• Patients with IDH1-R132C have a lower complete remission rate and a trend for reduced OS

  • Patients with IDH2-R172K in the ELN intermediate/adverse-risk group have a significantly better relapse-free survival and OS

Mutations of the isocitrate dehydrogenase-1 (IDH1) and IDH2 genes are amongst the most frequent alterations in acute myeloid leukemia (AML) and can be found in ~20% of patients at diagnosis. Among 4930 patients (median age 56 years, interquartile range 45-66) with newly diagnosed, intensively treated AML, we have identified IDH1 mutations (mIDH1) in 423 (8.6%) and IDH2 mutations (mIDH2) in 575 (11.7%) patients. Overall, there were no differences in response rates or survival for patients with mIDH1 or mIDH2 compared to patients without mutated IDH1/2. However, distinct clinical and co-mutational phenotypes of the most common subtypes of IDH1/2 mutations could be associated with differences in outcome. IDH1-R132C was associated with significantly increased age, lower white blood cell count (WBC), less frequent co-mutation of NPM1 and FLT3-ITD as well as lower rate of complete remissions and a trend for reduced overall survival (OS) compared to other mIDH1 variants and wtIDH1/2. In our analysis, IDH2-R172K was associated with significantly lower WBC, more karyotype abnormalities, and less frequent co-mutations of NPM1 and/or FLT3-ITD. Among patients within the ELN2017 intermediate- and adverse-risk groups, RFS and OS were significantly better for patients with IDH2-R172K compared to wtIDH, providing evidence that AML with IDH2-R172K could be a distinct entity with a specific co-mutation pattern and favorable outcome. In summary, the presented data from a large cohort of IDH1/2 mutant AML patients indicate novel and clinically relevant findings for the most common IDH-mutation subtypes.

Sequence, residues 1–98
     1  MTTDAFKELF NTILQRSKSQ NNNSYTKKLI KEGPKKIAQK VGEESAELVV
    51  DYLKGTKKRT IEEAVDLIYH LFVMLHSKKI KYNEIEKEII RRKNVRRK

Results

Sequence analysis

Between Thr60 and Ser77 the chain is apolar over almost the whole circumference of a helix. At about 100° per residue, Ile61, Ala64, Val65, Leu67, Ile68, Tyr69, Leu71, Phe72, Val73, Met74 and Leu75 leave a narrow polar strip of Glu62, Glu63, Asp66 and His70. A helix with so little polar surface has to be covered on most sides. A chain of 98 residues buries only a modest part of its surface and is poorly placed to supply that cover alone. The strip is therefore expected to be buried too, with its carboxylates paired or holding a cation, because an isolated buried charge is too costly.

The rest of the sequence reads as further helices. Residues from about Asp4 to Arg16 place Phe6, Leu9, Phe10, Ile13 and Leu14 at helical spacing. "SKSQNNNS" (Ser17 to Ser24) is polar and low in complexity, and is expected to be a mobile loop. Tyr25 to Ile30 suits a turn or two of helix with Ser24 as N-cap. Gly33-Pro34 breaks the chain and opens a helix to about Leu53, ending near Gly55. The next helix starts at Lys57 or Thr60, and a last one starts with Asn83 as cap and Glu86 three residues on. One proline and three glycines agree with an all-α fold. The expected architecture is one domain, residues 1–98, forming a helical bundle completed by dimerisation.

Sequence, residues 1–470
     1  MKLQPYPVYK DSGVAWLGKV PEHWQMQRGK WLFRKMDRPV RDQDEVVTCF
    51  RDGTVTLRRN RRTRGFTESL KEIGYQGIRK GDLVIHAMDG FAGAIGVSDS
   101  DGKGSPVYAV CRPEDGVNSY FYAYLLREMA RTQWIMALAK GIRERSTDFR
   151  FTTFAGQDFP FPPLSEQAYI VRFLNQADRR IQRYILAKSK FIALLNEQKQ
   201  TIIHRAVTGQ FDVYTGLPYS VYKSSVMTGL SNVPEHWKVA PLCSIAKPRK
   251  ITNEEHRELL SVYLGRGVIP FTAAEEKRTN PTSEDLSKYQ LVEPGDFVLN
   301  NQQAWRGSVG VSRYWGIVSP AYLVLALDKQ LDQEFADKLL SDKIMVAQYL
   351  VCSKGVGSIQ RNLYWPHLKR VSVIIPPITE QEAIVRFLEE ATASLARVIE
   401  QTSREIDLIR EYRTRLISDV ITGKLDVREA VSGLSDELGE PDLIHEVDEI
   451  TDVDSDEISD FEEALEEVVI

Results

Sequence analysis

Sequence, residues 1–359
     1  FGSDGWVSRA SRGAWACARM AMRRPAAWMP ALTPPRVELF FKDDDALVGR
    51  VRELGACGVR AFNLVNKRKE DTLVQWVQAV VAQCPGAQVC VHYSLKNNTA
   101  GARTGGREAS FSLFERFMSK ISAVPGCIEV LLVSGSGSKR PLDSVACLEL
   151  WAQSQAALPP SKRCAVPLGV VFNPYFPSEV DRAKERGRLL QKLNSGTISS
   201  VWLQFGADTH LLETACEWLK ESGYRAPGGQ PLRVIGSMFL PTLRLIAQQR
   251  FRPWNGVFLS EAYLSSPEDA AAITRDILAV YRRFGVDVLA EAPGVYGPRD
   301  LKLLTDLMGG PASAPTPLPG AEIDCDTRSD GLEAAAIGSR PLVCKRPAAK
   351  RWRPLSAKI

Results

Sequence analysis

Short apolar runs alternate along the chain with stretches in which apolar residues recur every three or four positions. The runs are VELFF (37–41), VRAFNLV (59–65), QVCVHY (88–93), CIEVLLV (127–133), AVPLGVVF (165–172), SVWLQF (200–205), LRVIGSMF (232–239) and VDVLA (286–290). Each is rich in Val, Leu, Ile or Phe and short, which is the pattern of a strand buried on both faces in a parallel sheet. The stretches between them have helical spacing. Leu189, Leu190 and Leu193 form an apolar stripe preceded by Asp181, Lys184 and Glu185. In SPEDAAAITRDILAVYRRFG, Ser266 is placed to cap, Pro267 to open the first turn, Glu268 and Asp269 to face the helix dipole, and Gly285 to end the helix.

This content is only available as a PDF.

Article PDF first page preview

Article PDF first page preview

Supplemental data